Yet even for people who exhibit the worst violent and life-threatening behaviors, the center is operating with science as its adversary. In 1990, a group of the leading behaviorists, clinicians and researchers specializing in the severe behavioral challenges of people with disabilities published a joint statement rejecting all forms of painful and dehumanizing treatment, including electric shock. Three years later, Ole Ivar Lovaas, the behavioral expert who pioneered the use of electric shock as a treatment for autistic people, repudiated his prior work and criticized the use of painful stimuli as punishment. This was more than 20 years ago. The center is the only holdout that still uses this archaic treatment method.
The center is legally permitted to use electric shock as a behavior-modification tool on some of the most vulnerable children and adults with disabilities. But its executive director eventually admitted at April’s hearing that staff members had not complied with user-manual requirements that the device can be used only by or under the direct supervision of a licensed medical professional such as a psychiatrist. If agencies such as the FDA do not ban aversive electric shocks, disabled people at the center will continue to be shocked in the name of “treatment.” Even worse, while the Rotenberg Center is the only program currently using aversive electric shock, the continued legality of this treatment leaves the door open to future abuse by other providers. This would be considered inhumane for convicts, detained terrorists or animals, but it apparently is acceptable if it is done to people who are disabled.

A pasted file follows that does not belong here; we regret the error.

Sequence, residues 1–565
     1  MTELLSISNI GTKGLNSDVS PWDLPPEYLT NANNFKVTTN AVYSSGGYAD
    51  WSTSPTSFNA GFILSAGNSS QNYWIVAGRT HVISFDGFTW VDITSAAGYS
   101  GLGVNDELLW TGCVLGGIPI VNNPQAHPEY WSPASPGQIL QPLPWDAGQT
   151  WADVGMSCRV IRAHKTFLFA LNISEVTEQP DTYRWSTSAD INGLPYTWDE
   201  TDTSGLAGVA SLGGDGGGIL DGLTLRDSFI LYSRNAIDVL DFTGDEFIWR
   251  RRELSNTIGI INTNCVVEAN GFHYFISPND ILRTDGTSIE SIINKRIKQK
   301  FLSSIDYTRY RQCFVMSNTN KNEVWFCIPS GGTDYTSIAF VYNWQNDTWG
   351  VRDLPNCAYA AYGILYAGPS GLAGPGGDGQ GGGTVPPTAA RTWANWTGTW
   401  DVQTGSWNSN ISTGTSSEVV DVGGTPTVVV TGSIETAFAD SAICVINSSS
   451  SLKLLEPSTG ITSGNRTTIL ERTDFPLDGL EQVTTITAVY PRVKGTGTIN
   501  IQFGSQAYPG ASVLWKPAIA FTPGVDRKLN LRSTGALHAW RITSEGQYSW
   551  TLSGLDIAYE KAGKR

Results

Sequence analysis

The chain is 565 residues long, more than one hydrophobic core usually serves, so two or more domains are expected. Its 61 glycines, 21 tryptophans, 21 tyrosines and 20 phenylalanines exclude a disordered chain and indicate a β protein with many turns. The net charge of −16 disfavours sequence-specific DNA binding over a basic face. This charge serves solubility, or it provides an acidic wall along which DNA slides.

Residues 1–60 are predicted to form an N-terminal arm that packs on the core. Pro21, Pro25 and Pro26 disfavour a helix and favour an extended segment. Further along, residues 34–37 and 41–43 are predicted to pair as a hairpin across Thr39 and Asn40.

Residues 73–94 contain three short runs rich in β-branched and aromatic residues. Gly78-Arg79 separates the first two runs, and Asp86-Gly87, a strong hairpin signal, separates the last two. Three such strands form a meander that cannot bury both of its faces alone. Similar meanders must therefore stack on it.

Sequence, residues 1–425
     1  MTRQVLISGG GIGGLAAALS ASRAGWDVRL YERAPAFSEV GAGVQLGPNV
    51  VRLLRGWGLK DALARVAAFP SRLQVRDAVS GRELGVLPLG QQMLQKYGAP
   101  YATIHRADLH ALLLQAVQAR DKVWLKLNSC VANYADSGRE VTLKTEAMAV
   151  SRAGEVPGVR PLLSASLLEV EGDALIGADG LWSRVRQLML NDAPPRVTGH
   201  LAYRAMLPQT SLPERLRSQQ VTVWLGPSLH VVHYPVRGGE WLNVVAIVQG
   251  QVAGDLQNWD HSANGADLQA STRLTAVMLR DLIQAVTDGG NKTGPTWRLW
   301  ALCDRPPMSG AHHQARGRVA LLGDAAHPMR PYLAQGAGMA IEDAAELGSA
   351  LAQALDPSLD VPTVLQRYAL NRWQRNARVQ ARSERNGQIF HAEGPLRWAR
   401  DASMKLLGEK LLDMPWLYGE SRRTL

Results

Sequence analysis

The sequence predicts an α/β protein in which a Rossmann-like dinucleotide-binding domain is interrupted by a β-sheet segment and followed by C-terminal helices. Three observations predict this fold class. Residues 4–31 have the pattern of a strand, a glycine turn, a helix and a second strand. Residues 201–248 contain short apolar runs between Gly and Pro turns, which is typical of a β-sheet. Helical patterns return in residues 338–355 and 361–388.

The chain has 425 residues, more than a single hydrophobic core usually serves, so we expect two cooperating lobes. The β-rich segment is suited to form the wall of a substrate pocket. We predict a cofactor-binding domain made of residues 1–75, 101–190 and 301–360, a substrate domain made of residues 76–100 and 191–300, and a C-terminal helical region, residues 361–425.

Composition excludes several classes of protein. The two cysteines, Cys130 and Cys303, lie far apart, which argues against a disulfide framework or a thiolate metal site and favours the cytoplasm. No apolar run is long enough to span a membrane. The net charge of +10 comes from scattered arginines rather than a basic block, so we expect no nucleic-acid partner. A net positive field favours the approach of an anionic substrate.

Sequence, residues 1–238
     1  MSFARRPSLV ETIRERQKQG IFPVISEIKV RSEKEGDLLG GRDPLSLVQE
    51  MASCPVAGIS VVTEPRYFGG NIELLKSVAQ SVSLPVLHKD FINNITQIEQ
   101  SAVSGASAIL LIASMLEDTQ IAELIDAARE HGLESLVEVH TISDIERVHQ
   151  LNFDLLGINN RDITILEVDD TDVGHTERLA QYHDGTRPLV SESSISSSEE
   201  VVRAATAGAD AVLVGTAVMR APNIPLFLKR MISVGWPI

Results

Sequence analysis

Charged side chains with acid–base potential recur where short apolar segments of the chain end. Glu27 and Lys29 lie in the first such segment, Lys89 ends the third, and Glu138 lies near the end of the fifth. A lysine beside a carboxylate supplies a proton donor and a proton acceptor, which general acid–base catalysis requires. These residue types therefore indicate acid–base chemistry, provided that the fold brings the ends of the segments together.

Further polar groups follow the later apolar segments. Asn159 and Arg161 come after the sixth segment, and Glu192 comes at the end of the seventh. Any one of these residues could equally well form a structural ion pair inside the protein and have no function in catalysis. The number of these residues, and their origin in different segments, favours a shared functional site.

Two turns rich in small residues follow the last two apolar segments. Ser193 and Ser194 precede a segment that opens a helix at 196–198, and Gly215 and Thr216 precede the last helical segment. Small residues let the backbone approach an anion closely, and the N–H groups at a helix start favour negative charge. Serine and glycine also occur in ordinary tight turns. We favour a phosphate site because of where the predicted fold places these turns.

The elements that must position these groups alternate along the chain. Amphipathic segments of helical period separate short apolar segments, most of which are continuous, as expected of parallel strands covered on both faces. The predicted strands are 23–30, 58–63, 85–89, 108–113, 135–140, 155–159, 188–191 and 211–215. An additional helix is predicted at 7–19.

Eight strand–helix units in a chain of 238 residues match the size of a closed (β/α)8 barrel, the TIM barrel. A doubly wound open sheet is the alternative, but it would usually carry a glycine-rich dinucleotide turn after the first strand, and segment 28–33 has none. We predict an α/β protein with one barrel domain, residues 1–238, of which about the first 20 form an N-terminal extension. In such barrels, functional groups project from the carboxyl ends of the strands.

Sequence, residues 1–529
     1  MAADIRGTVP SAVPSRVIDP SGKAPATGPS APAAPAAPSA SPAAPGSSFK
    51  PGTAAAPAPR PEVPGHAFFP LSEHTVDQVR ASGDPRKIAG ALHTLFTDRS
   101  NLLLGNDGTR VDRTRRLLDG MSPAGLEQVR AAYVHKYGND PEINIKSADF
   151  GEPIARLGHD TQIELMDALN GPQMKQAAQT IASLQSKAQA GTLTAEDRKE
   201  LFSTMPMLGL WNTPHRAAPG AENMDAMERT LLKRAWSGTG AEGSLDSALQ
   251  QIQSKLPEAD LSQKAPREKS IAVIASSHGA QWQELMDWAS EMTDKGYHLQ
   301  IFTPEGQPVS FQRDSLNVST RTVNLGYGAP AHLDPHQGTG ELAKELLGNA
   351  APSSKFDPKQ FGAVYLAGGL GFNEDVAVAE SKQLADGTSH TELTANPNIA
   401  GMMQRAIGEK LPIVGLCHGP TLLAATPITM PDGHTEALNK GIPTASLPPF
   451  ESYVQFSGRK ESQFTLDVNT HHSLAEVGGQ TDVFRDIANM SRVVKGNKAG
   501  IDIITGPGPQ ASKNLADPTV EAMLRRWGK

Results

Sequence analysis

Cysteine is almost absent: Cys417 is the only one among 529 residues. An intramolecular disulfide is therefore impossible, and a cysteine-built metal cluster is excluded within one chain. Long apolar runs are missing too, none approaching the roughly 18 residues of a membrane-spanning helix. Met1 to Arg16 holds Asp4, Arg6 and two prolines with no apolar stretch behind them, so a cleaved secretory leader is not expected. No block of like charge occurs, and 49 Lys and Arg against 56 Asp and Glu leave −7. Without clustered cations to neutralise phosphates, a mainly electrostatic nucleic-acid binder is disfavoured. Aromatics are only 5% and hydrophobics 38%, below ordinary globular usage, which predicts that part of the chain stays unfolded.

Perhaps there is no better argument against the use of such barbaric practices than Ian’s experiences after leaving the center. “I was in an abusive relationship two years ago,” he said, “and part of why I fell prey to it is that JRC instilled a lesson in me that it is okay for people to hurt me so long as they are trying to correct me.” As an autistic person myself, it is terrifying to know that others can abuse me with impunity so long as they claim that what they are doing is for my own good.
Lydia Brown is the president of the Washington Metro Disabled Students Collective, former staffer at the Autistic Self Advocacy Network, and past Patricia Morrissey Disability Policy Fellow at the Institute for Educational Leadership.